Date of Award


Document Type

Open Access

Degree Name

Bachelor of Arts



First Advisor

Mark Walker




atomic weapons, nuclear war, bombings, Pacific theater, Cold War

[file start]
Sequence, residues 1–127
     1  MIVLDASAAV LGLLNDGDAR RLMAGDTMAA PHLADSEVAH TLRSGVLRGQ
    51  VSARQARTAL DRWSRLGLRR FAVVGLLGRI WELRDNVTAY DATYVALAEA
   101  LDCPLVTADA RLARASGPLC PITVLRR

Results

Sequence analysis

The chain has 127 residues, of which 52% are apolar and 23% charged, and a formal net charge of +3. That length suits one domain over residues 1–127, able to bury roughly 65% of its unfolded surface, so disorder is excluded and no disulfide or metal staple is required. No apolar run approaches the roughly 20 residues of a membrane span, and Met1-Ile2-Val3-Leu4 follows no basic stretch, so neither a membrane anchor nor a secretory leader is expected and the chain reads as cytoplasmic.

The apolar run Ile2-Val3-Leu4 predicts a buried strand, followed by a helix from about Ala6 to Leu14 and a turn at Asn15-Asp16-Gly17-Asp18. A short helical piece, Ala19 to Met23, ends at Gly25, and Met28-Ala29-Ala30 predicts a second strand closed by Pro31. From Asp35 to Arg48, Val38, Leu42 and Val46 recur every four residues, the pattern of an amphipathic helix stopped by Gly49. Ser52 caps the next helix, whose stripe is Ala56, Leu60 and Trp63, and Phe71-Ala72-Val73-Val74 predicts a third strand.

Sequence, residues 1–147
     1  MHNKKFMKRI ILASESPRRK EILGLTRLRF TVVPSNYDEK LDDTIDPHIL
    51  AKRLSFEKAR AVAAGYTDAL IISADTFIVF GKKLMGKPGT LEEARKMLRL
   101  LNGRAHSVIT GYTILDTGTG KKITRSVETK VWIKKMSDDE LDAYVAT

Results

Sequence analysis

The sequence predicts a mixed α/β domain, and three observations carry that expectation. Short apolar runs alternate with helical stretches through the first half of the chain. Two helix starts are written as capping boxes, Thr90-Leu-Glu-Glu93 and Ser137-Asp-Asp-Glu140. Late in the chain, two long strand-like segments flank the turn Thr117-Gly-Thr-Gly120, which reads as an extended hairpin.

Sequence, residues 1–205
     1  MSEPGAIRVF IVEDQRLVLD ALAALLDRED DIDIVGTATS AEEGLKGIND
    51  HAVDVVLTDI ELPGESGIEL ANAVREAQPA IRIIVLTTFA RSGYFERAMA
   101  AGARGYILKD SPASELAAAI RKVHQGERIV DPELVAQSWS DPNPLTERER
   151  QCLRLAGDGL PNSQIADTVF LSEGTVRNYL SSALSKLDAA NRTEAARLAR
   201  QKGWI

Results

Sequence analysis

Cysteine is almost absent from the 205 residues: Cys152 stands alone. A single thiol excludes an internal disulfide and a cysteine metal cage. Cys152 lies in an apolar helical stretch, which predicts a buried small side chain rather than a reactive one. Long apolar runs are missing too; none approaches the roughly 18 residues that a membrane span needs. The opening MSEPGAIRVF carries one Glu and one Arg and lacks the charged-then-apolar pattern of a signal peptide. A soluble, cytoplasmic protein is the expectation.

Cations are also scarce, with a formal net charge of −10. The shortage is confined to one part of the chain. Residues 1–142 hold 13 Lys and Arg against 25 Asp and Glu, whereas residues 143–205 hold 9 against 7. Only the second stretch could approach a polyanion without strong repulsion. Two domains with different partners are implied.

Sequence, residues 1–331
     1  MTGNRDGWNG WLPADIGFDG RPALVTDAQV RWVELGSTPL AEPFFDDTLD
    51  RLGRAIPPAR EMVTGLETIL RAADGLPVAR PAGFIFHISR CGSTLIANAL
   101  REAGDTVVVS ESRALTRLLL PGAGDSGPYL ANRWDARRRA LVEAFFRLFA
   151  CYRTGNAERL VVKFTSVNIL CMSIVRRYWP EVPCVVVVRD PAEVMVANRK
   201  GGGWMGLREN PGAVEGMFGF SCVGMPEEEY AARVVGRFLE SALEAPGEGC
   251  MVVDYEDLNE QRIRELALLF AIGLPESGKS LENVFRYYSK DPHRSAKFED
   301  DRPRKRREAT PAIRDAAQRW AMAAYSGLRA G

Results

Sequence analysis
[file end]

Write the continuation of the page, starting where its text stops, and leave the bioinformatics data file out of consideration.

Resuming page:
This thesis examines the issues and controversies that the bombings of Hiroshima and Nagasaki caused in the United States. Four chapters all deal with different periods in the history of these controversies. The first chapter deals with the actual decision to drop the bomb and the American public’s initial reactions, while the second chapter deals with subsequent reactions as the topic got more controversial. One of these topics include Henry Stimson’s article entitled “The Decision to Use the Bomb,” which attempted to justify the use of the atomic bombs on Hiroshima and Nagasaki. The third looks at the beginnings of the Cold War and its consequences, including the Cuban Missile Crisis. The last chapter examines more modern issues such as Chernobyl and the ultimate fear of nuclear war. The most useful primary documents found for this thesis included declassified documents during the Cold War, diaries and correspondences between leaders, and articles from those who saw Hiroshima first hand. Many letters written between world leaders, diaries and articles released to the public proved very helpful in figuring out just how the most powerful people in the world were reacting to the bombings. Many of these controversies happened more than fifty years ago including the Cuban Missile Crisis, so it is very fortunate that so many documents from the CIA have been released to the public to enjoy. From this research I have concluded that the history of atomic weaponry is a long and complicated one, even though it has all happened in the 20th century. I came across many documents and books that contained shocking facts and stories that I didn’t know were possible. We did not need to drop any nuclear weapons on Japan, and later on, during the 60’s, we were much closer to nuclear war than many thought.